Friday, July 29, 2011

Back early...

from my self-imposed electronic fast. Actually, I cheated a bit, as we have a parishioner who is in his last days of life, and I needed to stay slightly in touch. The iPhone let me get email and phone messages without too much trouble, so I'd check in periodically to see if there was any news.

It was an interesting and revelatory trip. I'd thought I'd spend tons of time reflecting away in my cute little heron-bedecked notebook and I did spend a lot of time writing, but not as much as I'd hoped about "who I am at my core, without the trappings and stereotypes of a vocation".

Along about the second day, after recording my daily happenings, I did manage to write this:

Who am I?:
--female, early elderhood, healthy, few aches and pains, self-sufficient at present.
--pleasant looking, a few scars and warts, well-cared-for, good smile (good teeth), kempt
--smart, curious, many interests but few hobbies, lots of general knowledge but not well-informed enough to argue with anyone who knows more.
--religious AND spiritual, a pray-er, grateful, loving, cheerful, helpful, gracious
--competent: ministry, counseling, teaching, singing, modest, shy about too much fanfare
--musician: read music, love harmony, sing loudly on key, alto

Dislikes (in self as well as in others): whining or being whined at, complainers (self included), arrogance, know-it-alls, illogical or unkind conservatism, bossiness, short-sightedness, unfounded anger, monologuists, nonsense in the service of politics

Likes: openness, clarity, good grammar and spelling, stories, laughing, funny (but kind) people, kindness, thoughtfulness, beauty, friendship, good conversation, eccentricity--to a point.

Is that helpful? I haven't decided. At least these will be the qualities I retain once I shed the robe and stole. Also, I'm not sure the list is finished.

I did do some exploring down the Oregon coast and have pretty well settled on Astoria as my next home, whenever I am ready. It's a lovely little town, right at the confluence of the Columbia River and the Pacific Ocean.

I spent two nights at Ft. Stevens State Park, which is immense, and my favorite spot was the South Jetty observation tower, from which the Columbia River bar is visible. This crossing is dubbed "the graveyard of the Pacific" because it has drowned so many people and ships. It's such a challenge that large cargo ships are required to have a specially-trained Astoria bar pilot guide them across the bar; you can see the helicopters shuttling pilots back and forth between ship and harbor.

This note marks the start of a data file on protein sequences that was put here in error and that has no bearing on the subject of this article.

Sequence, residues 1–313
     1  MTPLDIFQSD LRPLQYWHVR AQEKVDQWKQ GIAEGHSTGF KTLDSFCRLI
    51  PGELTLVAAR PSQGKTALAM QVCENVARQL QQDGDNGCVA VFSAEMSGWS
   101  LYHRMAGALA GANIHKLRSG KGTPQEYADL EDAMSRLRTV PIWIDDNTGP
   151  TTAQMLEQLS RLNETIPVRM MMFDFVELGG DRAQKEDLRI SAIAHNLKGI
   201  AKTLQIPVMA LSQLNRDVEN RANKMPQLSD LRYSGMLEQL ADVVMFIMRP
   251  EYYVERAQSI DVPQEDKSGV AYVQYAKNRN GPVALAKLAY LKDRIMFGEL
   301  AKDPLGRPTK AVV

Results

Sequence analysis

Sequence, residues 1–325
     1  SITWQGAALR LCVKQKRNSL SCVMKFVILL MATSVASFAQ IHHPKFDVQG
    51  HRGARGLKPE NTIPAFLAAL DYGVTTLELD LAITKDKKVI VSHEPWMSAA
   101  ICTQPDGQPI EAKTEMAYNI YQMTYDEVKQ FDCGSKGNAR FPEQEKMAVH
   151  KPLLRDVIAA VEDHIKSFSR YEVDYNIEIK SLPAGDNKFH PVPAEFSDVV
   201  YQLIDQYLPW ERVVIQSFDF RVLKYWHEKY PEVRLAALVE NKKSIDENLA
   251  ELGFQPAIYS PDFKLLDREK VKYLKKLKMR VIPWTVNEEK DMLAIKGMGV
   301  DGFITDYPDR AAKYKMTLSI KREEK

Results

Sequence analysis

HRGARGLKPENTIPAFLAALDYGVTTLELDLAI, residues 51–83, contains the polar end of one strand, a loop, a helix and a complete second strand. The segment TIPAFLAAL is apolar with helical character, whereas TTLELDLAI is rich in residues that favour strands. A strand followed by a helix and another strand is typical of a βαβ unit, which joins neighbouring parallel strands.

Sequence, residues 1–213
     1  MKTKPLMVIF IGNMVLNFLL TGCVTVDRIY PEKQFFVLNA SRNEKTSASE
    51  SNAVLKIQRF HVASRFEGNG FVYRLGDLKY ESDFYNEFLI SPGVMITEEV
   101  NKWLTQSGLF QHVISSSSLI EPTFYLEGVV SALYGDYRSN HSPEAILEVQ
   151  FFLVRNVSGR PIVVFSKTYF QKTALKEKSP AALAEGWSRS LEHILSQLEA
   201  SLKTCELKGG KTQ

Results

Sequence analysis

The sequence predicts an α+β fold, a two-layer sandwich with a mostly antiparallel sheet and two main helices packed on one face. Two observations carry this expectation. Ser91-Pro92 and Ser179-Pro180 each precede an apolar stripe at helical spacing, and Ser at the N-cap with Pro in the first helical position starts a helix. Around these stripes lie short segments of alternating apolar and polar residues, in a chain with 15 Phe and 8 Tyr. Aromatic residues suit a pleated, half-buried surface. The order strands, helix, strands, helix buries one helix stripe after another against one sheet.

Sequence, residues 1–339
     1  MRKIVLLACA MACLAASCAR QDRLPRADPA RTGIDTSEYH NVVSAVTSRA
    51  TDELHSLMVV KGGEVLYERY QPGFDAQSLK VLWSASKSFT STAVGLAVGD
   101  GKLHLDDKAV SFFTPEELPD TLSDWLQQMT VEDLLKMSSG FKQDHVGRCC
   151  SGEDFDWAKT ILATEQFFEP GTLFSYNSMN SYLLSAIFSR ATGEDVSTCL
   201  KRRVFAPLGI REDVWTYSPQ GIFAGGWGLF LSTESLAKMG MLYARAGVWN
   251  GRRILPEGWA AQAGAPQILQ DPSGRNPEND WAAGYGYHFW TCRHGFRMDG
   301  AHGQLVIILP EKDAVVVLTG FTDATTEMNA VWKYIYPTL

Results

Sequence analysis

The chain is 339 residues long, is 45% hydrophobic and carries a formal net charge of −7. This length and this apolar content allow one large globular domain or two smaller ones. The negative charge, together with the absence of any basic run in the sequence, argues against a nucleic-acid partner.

I stood on the tower deck and the words of an old song came to me, by Alfred, Lord Tennyson:

Sunset and evening star
And one clear call for me!
And may there be no moaning of the bar,
When I put out to sea,

But such a tide as moving seems asleep,
Too full for sound and foam,
When that which drew from out the boundless deep
Turns again home.

Twilight and evening bell,
And after that the dark!
And may there be no sadness of farewell,
When I embark;

For though from out our bourne of Time and Place
The flood may bear me far,
I hope to see my Pilot face to face
When I have crossed the bar.

I remembered a little bit of the tune, so I sang as much of the words as I could remember, tears in my eyes, thinking of Malcolm who is dying, Gil and Janis who have died recently, and my mother and father who liked this old hymn. And I sang on pitch. Alto.

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